A Rich History of Women's Golf in Hawaii

A Rich History of Women's Golf in Hawaii

Timeline of
Women’s Golf in Hawaii


Mrs. J.K. Lamberton wins first three Territorial Women’s Amateur Championships, at Oahu Country Club


Mrs. Joseph Palma wins four consecutive Territorial Women’s Amateur Championships


Teenager Codie Austin wins four consecutive Territorial Women’s Amateur Championships


Betty Wong wins inaugural Moanalua Women’s Invitational


Edna Lee Jackola wins inaugural Jennie K. Wilson Women’s Invitational at Mid-Pacific Country Club


Jackie Liwai Pung becomes first Hawaii national champion with victory at U.S. Women’s Amateur. Pung also wins Jennie K. before turning pro.


Jackie Liwai Pung loses 18-hole playoff against Betsy Rawls at U.S. Women’s Open. Pung would go on to win twice her rookie year and five times overall in an LPGA tour career that lasted until 1964.


Jackie Yates sets scoring record of 5-under 217 to win Jennie K.


Jackie Yates becomes Hawaii’s second national champion when she wins Women’s Intercollegiate


Jackie Pung DQ’d for signing incorrect scorecard at U.S. Women’s Open at Winged Foot. Pung would have won by a shot over Betsy Rawls. Instead, Winged Foot members took up a collection and gave Pung $3,500 — twice as much as Rawls collected for the victory.


Billie Beamer brings together 13 women’s clubs to form the Hawaii State Women’s Golf Association, believing it is necessary to standardize women’s handicaps under USGA rules and re-rate courses, along with providing more opportunities for female golfers.


Jennie K. announces that only golfers who are members of HSWGA clubs are eligible for prizes. HSWGA members boycott Oahu and Waialae Women’s Invitationals because the clubs refuse to join the organization.


A record field of 135 plays Jennie K., despite the HSWGA restriction. Joan Damon, a member of Oahu and Waialae Country Clubs, joins Pali so she can play and wins by 11 over Edna Jackola, another Waialae member who joined Pali for the same reason. Later in the year, Navy-Marine Women’s Invitational officials refuse to enforce the members-only restriction and other clubs follow. Clubs start to drop out of the HSWGA and Beamer acknowledges it is “doomed, but the rising of another association to take its place is inevitable.”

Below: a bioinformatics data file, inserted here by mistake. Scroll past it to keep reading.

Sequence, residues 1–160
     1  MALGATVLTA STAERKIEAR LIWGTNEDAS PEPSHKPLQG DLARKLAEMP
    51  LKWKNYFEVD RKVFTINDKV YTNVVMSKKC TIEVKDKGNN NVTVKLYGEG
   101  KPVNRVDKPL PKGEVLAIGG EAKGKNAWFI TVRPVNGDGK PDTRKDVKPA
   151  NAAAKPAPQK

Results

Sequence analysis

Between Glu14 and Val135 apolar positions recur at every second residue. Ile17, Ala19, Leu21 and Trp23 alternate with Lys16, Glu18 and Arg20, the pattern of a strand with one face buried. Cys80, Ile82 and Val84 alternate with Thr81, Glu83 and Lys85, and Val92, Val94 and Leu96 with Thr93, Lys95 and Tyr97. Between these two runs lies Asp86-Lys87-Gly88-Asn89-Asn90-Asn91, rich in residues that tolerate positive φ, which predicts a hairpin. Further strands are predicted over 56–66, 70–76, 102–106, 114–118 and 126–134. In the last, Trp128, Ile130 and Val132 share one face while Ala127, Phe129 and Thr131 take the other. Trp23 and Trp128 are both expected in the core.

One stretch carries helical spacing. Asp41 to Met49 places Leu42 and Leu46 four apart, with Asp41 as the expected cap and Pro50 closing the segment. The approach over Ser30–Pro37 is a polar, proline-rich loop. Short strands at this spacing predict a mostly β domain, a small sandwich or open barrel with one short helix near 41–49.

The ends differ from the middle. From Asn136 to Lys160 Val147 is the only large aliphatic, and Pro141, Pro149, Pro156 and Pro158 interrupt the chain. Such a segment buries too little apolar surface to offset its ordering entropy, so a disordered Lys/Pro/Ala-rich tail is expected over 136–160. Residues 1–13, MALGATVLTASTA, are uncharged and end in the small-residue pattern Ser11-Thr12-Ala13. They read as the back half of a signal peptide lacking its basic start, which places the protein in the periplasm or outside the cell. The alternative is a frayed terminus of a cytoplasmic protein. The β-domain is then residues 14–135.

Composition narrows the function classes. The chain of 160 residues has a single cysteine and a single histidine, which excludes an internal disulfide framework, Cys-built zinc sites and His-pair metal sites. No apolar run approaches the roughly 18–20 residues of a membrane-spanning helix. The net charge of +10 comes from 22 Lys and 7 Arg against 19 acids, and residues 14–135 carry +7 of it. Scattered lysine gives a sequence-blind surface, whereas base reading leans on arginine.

Jennie K. Wilson dies at 90


Joan Damon wins fourth straight Jennie K. It is fifth of a record six Jennie K. victories.


Edna Jackola wins her sixth Army Women’s Invitational


Tura Nagatoshi wins 20th Jennie K. by 21 shots with tournament record-tying 217. She shoots course-record 70 (then 4-under par) in final round, including a hole-in-one and eagle


Joan Damon wins her fifth straight State Women’s Stroke Play Championship


Future Hawaii resident Susie Berning becomes only the third to win three U.S. Women’s Open Championships


Brenda Rego collects second Waialae Women’s Invitational sweep, winning low-net and low-gross honors


New HSWGA is formed with 20 member clubs. Objectives include “encouraging golf for women in the state, promoting junior golf and ensuring USGA standards of handicapping are maintained.” First president is Kay Banning, who wants “to guide and cooperate with clubs.” HSWGA grows to 36 clubs, on every major island, in three years.


Althea Tome wins U.S. Junior Girls championship

University of Hawaii hosts AIAW national championship at Kuilima (now Turtle Bay). Rainbow Wahine Lenore Muraoka takes eighth.